The sparkling bikini, bronzed tan, and stage makeup glamorize bodybuilding competitions, but there is a lot more to it than you see from Instagram stories and highlights.
Comp prep will usually go from anywhere between 20-25 weeks and requires a tremendous amount of dedication and sacrifice. You will land up devoting a lot of your time towards it, which means you will have less time to focus on other areas of your life.
Before making the commitment, ask yourself the following questions:
Are you in a good starting position?
Everyone will have a different starting point for prep, but the following factors can definitely make the process a lot easier for you, especially if you haven’t competed before.
- 1+ years experience resistance training: The whole point of shredding down to compete is to showcase the hard-earned shape and muscle that you have built. Resistance training is essential for growth, and the longer you have been training hard, the more you’ll have to show for it.
- Currently maintaining weight consuming high calories: To get stage lean, your calories will decrease so you can lose body fat. Starting prep on high calories will give you more room to create a “calorie deficit” and help ensure your calories don’t drop too low - no one wants to live off zucchini and egg whites for weeks.
- Body fat < 25% (females): The more weight you have to lose, the more aggressive your cut will have to be, which means less food and less energy - not so enjoyable. Bikini girls can get away with holding a little more body fat than fitness and physique girls. If you want to enter these two categories, you will need to start prep already fairly lean.
Do you have a good relationship with food?
Competition prep requires you to be fairly strict with your diet. Your coach will either set you a meal plan or provide you with weekly macronutrient targets that you will need to hit to the tee.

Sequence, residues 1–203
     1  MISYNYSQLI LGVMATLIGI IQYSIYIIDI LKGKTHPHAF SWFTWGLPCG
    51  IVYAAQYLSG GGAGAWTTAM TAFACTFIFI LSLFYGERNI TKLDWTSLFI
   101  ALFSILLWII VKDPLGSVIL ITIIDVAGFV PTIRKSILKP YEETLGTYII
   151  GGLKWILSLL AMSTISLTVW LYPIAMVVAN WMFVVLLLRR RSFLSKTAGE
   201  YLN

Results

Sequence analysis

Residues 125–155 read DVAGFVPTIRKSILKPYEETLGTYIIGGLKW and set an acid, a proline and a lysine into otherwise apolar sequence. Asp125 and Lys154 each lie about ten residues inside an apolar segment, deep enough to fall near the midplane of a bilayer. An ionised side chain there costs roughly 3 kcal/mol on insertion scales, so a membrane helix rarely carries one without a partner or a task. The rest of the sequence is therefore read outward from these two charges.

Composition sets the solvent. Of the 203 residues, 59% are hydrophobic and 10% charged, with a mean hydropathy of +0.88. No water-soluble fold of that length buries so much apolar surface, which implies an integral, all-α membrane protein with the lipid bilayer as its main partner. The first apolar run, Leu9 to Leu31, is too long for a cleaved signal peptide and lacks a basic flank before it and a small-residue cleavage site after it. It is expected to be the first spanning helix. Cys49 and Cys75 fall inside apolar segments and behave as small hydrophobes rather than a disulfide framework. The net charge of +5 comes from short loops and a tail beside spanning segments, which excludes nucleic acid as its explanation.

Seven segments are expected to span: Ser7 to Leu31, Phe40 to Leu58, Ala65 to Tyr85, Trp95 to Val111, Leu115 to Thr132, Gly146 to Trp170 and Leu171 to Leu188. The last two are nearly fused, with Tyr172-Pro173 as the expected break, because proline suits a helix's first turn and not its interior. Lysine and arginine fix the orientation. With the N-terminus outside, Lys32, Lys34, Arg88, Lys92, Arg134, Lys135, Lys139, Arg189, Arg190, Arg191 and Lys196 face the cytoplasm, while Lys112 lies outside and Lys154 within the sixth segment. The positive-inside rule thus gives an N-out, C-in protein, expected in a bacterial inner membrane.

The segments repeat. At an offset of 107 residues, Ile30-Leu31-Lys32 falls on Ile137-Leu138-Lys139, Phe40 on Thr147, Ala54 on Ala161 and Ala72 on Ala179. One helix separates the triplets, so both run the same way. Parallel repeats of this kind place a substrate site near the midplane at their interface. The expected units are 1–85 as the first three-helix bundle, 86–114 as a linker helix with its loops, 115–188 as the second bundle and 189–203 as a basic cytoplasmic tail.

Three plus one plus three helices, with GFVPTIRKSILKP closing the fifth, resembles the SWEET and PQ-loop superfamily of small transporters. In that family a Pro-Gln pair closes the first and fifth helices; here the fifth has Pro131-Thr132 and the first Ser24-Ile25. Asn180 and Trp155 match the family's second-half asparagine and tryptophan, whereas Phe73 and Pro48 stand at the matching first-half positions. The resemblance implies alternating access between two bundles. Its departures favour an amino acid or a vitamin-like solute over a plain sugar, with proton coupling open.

To come out of prep with the best possible results, your food tracking needs to be on point. This means you will have to say goodbye to alcohol and eating out for the duration of comp prep, which can lead to you feeling a bit restricted. If you don’t have a good relationship with food, you will be more likely to binge after your competition.
What is your financial position?
Competing is not cheap and the last thing you need to worry about during prep is how you are going to afford it all. Bodybuilding is, unfortunately, one of those sports where your performance may be compromised if you try and cut corners on costs. The best way to save a few pennies would be to do a local show and purchase a second-hand bikini. Costs will vary depending on which competition you compete in but I have provided a rough pricing guide below.
Costs you will need to consider:
- Gym membership ($15-25 per week)
- A comp prep coach ($50-$150 per week)
- Personal training sessions ($50 each)
- Posing lessons ($10-$50 each)
- Competition registration ($50-$100)
- Competition entry fees ($80-$100 per division)
- Bikini/swimsuit for show day ($300+)
- Heels ($80-$150)
- Accessories ($25-$100)
- Makeup, hair and tan for show day ($350+)
- Nails ($100)
- Professional stage photographs ($100+)
- Post-comp photoshoots ($400+ per shoot)
- Travel costs if required
What federation and divisions do you want to compete in?
There are several fitness/bodybuilding shows, and all of them require different looks and posing routines. Before competing, it is worth doing your research on which show is best suited for your physique. This will likely be a local natural bodybuilding federation when you are first starting out.
Tip: Get a coach that is very familiar with the federation you want to compete in!
Do you love training?
If you don’t love going to the gym and training hard, competing probably isn’t for you. Competition prep will require you to complete 4-6 weight sessions per week, and you will often have cardio on top of that too. As you get further into prep, your calories and energy levels will decrease, making these training sessions more challenging and less enjoyable. If you don’t love training, you will find it very difficult to push through the exhaustion and make the most out of your session.
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